Can Chickens Break Glass?

When designing your chicken coop, an important first step is deciding what kind of windows you will use. 

You want to make sure you’re letting natural light in so your flock will be happy and healthy and lay plenty of eggs.

An obvious window material you might use is glass. 

But is this a safe option for your birds?

Even when riled up, your chickens aren’t likely to break glass windows. But if your windows do break, this puts your chickens at risk of injury. Use thick panes and cloth screens to help prevent the window from breaking, and your birds will be safer.

There are many ups and downs to using glass windows in your chicken coop design.

If you’re concerned about using glass and would like to play it safe, we have other recommendations for what you might use for your coop windows.

Just be sure to understand all the risks and benefits of your chosen window material before installing it in your coop.

can chickens break glass

Is Glass a Danger to Chickens?

As we talked about before, the odds are good your chickens won’t be able to break glass windows.

Birds who have a habit of pecking at the windows won’t be able to crack your window, assuming you follow our tips for safety. 

Even in the case of bird collisions with glass, it’s unlikely they would do any real damage to the window.

However, predators like raccoons and other large rodents might. 

They have heavier bodies and would hit your windows with more force.

If an animal does break the windowpane, this is where you will run into problems because broken glass is absolutely a threat to your flock of chickens.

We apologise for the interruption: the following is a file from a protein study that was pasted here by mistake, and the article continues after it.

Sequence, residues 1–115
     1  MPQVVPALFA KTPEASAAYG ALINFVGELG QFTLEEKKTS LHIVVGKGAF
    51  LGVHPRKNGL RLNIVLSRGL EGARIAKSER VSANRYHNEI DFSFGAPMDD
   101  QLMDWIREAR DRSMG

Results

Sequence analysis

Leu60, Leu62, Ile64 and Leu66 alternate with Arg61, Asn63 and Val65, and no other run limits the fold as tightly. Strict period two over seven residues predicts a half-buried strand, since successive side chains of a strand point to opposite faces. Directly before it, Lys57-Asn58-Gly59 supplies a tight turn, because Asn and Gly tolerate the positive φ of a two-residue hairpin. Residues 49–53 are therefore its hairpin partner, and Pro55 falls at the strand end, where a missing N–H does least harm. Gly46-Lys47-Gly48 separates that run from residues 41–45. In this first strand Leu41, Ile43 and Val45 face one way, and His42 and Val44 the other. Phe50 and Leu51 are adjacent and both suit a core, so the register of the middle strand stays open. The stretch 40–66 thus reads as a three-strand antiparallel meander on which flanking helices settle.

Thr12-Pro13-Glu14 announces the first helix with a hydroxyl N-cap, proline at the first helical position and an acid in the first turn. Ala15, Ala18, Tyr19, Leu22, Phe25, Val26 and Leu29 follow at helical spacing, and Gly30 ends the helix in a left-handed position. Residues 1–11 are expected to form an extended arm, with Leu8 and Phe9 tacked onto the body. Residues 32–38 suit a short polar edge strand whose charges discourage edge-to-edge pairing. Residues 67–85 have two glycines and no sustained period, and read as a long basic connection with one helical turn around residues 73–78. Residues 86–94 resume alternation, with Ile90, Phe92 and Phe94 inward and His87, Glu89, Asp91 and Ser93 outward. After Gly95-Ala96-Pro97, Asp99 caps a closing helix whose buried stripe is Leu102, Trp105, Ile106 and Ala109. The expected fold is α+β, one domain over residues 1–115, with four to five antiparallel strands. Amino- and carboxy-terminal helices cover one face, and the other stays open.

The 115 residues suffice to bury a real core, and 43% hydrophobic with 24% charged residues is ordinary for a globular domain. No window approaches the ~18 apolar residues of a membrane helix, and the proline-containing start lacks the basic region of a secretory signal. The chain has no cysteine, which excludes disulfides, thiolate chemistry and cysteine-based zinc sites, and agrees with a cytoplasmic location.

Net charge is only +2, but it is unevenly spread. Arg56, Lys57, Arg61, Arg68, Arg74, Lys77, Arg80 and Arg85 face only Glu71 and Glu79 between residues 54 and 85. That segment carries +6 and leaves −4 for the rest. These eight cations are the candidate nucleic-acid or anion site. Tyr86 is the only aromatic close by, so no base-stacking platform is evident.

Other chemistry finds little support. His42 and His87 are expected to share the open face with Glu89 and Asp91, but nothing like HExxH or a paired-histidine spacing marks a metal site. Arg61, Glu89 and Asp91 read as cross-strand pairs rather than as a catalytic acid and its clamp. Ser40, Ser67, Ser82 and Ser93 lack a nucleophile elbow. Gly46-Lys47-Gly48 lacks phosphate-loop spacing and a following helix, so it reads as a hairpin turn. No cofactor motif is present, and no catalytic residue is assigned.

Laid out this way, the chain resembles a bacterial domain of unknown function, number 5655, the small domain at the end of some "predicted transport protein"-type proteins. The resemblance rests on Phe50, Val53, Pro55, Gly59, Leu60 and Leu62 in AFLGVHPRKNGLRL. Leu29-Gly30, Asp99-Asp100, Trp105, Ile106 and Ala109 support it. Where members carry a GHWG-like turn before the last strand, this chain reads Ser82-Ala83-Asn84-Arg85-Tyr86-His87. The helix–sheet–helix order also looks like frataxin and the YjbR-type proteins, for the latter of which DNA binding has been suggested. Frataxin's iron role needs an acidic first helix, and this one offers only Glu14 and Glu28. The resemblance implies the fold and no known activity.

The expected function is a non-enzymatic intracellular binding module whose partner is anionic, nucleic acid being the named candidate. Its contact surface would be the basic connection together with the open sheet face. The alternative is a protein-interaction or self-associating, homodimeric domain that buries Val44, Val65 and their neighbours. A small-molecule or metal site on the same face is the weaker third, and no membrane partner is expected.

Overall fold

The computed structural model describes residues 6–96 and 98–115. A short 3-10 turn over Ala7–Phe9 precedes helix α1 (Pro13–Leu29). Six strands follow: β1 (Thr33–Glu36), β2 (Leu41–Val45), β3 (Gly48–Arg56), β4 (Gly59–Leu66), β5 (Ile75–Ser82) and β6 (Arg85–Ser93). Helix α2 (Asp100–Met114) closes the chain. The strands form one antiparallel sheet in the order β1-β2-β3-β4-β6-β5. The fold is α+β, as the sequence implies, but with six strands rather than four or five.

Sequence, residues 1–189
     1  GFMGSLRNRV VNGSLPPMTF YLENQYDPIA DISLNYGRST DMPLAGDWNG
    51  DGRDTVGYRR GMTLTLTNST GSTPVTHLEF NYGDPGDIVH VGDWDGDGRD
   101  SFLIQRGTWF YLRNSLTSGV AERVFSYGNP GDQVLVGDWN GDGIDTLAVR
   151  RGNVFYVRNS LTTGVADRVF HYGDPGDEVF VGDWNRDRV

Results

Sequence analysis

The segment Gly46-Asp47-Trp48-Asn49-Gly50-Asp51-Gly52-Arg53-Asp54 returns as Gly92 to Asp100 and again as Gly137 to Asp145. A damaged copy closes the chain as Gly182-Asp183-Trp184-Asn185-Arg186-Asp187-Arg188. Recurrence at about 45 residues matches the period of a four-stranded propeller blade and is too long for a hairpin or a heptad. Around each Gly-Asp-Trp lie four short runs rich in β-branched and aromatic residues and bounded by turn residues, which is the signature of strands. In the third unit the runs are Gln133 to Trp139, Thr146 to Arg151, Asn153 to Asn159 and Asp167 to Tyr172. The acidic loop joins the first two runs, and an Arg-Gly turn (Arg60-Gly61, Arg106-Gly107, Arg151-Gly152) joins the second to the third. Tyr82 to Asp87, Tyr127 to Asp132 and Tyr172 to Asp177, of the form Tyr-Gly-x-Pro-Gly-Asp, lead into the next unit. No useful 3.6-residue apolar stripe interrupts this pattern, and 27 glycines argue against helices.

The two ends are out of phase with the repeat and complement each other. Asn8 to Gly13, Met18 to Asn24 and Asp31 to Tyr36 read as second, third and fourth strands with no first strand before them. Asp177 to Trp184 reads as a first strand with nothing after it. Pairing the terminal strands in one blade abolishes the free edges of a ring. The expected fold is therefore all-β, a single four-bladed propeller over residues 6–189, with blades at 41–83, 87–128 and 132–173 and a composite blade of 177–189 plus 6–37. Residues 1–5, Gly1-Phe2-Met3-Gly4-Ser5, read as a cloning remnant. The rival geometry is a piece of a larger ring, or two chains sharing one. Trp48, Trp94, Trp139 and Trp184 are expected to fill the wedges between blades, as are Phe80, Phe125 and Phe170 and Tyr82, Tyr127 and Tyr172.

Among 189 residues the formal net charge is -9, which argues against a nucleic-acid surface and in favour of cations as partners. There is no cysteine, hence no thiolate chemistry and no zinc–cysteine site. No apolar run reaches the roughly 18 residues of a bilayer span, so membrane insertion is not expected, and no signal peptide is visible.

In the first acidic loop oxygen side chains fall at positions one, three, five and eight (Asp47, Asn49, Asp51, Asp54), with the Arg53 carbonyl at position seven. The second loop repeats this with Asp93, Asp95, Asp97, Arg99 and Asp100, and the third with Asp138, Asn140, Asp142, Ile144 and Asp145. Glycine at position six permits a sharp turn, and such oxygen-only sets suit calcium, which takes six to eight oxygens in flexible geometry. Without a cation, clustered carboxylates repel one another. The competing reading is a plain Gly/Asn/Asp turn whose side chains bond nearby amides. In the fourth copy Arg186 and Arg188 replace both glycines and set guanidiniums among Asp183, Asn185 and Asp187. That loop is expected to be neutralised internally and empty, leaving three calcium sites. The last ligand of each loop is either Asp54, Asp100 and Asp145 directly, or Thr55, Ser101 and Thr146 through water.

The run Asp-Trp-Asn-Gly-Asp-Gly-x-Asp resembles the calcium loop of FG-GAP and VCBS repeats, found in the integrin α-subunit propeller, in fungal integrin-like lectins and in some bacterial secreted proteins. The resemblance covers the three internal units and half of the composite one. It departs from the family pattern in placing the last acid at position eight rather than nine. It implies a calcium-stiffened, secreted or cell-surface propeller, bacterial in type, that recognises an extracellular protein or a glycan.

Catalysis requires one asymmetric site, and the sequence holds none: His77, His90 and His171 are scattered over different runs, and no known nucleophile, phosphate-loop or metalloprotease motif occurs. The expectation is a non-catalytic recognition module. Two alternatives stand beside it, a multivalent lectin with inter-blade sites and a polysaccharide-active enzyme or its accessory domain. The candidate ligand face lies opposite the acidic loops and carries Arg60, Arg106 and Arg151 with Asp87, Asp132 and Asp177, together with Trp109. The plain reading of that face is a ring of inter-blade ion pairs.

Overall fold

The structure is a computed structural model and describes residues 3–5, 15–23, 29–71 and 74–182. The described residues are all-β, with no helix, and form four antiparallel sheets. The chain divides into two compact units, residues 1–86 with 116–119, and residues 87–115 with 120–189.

When pieces of glass are littered around where your birds graze, they could ingest these slivers and experience issues like bleeding, infection, and eventual death. 

To avoid these problems, you must choose the right glass or other material and take precautions when installing the windows.

We have three main tips for those of you who want to use glass in your coops:

  • Use something strong and durable, such as plexiglass
  • Use a thick pane, which will be less fragile than a thinner one
  • Install a screen to keep rodents away from the windowpane itself

Some chicken owners recommend soda-lime and borosilicate glass as strong and heat-resistant options.

If you take all these steps, you will minimize the risk of damage to your windows and your chickens being exposed to broken pieces of glass.

Other Risks and Benefits to Using Glass Windows

One of the biggest reasons we chicken farmers put windows in our coops is so our birds will be exposed to plenty of sunshine during daylight hours.

Laying hens need consistent access to adequate light for good egg production year-round. 

The ideal is sixteen hours of daylight and eight hours of darkness. 

This is always going to be a challenge for your chickens in winter.

Glass chicken coop windows provide your birds with as much daylight as possible. 

But they aren’t very breathable.

This is especially true of soda-lime glass, borosilicate glass, and any other strong variety you would be looking to use for your windows.